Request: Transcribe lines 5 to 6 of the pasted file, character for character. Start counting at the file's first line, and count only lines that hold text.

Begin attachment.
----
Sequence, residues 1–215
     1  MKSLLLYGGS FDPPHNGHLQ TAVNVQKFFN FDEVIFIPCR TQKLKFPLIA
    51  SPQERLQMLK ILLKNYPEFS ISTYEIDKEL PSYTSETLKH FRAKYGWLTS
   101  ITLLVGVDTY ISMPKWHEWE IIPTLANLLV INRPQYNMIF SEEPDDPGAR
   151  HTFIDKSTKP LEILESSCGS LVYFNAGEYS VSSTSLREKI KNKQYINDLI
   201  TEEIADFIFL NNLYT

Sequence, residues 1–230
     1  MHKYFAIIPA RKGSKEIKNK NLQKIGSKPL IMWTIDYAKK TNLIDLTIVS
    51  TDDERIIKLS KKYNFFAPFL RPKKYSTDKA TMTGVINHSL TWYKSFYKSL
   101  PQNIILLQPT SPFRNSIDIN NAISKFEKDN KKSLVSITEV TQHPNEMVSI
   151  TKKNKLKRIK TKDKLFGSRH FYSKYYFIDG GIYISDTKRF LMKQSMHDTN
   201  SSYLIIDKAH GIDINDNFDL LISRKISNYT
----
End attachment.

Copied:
   151  HTFIDKSTKP LEILESSCGS LVYFNAGEYS VSSTSLREKI KNKQYINDLI
   201  TEEIADFIFL NNLYT